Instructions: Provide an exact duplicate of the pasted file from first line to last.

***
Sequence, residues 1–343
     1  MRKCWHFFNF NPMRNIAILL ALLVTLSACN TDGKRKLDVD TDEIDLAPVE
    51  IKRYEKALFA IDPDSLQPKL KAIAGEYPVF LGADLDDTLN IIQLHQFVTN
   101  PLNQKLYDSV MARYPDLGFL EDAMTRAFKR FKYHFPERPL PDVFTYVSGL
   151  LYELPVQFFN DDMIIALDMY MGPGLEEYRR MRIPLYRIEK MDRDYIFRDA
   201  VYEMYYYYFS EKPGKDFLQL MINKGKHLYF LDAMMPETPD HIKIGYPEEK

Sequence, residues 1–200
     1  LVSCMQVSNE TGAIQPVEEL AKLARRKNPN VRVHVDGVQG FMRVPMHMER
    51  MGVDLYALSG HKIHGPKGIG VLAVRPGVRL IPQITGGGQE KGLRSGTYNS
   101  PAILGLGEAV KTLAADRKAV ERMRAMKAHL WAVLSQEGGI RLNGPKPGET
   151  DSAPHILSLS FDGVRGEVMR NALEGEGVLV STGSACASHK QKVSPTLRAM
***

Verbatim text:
Sequence, residues 1–343
     1  MRKCWHFFNF NPMRNIAILL ALLVTLSACN TDGKRKLDVD TDEIDLAPVE
    51  IKRYEKALFA IDPDSLQPKL KAIAGEYPVF LGADLDDTLN IIQLHQFVTN
   101  PLNQKLYDSV MARYPDLGFL EDAMTRAFKR FKYHFPERPL PDVFTYVSGL
   151  LYELPVQFFN DDMIIALDMY MGPGLEEYRR MRIPLYRIEK MDRDYIFRDA
   201  VYEMYYYYFS EKPGKDFLQL MINKGKHLYF LDAMMPETPD HIKIGYPEEK

Sequence, residues 1–200
     1  LVSCMQVSNE TGAIQPVEEL AKLARRKNPN VRVHVDGVQG FMRVPMHMER
    51  MGVDLYALSG HKIHGPKGIG VLAVRPGVRL IPQITGGGQE KGLRSGTYNS
   101  PAILGLGEAV KTLAADRKAV ERMRAMKAHL WAVLSQEGGI RLNGPKPGET
   151  DSAPHILSLS FDGVRGEVMR NALEGEGVLV STGSACASHK QKVSPTLRAM